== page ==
Vernal Pools: Wicked-Big Puddles Essential to Life
They may look like wicked-big puddles, but the seasonal pools of water that fill with snowmelt, rain, and spring’s rising groundwater play an almost magical role in the cycles of life.
Vernal pools, when filled with water, teem with life and serve as a critical breeding ground for species of frogs, toads, salamanders and fairy shrimp. They begin to fill with water in late winter, dry slowly during the spring and then are completely dry in the summer.
Because a vernal pool dries, fish cannot live there, and many species have evolved to use this temporary wetland for safety from predators.
This evolution sparks a mysterious signal on rainy early-spring nights. Something triggers the migration of spotted salamanders and wood frogs from their woodland habits to a vernal pool for breeding. Some can travel up to half-a-mile.
If you’ve been out for a walk near woods and wetlands in the past few weeks, you may have heard a noise that sounds a bit like a duck. Likely it is the call of the male wood frog, trying to attract a female to breed in the vernal pool.
If you come upon a vernal pool, this is the best time of year to observe tiny tadpoles swimming about, masses of frog or salamander eggs, or delicate fairy shrimp.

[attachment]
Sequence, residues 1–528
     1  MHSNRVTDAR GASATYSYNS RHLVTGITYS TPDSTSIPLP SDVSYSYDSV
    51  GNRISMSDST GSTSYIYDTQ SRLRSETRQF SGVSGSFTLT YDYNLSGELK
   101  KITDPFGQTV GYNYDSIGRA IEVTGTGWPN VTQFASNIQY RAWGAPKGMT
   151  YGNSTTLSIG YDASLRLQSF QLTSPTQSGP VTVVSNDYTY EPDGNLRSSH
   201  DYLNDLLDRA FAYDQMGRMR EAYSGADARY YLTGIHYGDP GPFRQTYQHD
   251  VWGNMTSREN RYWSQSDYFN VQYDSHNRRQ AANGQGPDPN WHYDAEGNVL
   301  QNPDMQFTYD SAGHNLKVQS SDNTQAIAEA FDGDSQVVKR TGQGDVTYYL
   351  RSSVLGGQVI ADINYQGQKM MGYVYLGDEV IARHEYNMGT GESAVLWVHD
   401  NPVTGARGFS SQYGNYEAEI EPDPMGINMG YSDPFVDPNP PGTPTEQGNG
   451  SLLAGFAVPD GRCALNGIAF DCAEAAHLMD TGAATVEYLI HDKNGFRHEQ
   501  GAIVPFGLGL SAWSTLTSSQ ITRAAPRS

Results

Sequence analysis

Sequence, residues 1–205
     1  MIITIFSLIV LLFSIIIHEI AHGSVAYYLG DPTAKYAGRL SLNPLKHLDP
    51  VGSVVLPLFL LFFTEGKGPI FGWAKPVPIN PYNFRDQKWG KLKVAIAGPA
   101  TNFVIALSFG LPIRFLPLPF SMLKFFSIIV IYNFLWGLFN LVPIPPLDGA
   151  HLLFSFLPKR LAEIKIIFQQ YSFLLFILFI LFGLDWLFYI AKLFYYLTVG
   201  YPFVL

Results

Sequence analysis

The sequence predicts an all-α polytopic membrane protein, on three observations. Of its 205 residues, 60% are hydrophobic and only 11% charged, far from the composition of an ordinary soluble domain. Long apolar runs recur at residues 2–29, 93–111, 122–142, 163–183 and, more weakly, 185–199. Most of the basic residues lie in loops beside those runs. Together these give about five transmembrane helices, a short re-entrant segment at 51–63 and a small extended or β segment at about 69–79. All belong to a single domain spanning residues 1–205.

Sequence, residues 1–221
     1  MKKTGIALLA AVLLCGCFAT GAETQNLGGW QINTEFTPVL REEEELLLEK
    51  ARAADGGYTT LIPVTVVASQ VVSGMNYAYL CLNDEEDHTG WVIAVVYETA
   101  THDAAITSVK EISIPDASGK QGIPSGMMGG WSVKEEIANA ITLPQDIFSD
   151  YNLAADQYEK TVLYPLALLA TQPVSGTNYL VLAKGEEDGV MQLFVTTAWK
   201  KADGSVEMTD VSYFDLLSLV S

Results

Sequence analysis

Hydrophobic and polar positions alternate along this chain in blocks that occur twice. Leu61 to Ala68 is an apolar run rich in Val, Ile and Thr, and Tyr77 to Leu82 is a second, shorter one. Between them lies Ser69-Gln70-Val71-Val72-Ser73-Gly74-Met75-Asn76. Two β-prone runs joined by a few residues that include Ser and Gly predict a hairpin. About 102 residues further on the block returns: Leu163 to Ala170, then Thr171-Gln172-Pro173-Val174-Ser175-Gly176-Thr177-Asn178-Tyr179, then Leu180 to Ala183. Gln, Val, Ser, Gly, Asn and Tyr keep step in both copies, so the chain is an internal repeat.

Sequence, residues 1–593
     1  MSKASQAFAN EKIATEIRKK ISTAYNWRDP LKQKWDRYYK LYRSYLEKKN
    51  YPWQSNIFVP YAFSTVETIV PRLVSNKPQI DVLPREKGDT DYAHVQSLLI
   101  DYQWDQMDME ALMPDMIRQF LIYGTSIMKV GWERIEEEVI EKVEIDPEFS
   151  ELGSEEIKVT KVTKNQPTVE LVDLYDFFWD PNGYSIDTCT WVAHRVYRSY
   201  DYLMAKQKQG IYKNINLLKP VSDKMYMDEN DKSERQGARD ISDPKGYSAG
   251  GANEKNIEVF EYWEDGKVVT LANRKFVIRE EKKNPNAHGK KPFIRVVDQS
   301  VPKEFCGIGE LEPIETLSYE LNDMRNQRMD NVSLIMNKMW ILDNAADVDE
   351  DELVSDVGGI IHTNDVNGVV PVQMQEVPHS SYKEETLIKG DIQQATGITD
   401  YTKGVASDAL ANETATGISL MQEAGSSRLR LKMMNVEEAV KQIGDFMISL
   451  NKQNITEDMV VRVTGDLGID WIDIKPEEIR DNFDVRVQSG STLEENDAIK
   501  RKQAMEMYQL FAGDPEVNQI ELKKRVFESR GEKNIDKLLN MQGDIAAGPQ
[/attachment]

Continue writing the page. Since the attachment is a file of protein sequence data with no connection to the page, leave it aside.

The aptly named Fairy Shrimp are crustaceans who seem to have magic survival powers, according to MassAudubon.
“They hatch and develop early in the season, before most predators arrive. Their hardy eggs stay in the pond's dry sediment, resistant to drought and cold, and can even survive being ingested and then eliminated by animals,” according to MassAudubon’s website.
In Massachusetts, officially designated vernal pools are protected under the Wetlands Protection Act regulations. Not all temporary pools of water qualify. So-called “obligate” species must use them for part of their life cycle.
These obligate species include wood frogs, spotted and blue-spotted salamanders, and fairy shrimp. They provide an important food source for small carnivores.
Greenbelt properties with vernal pools include Carter Reservation and Tompson Street in Gloucester, Warren Weld in Essex, Julia Bird in Ipswich, Bald Hill in Boxford, Barrett Reservation in Middleton, Farnsworth Reservation in North Andover, and Woodland Acres in Rockport
Head out to see this critical part of the "circle of life." You may come away with a better understanding of why these nurseries of life must be protected.
Greenbelt is grateful to several professional and staff photographers whose work is featured prominently within our website.
Thank you Jerry Monkman / ecophotography.com, Lynne Holton, Kindra Clineff, Adrian Scholes and John Raleigh.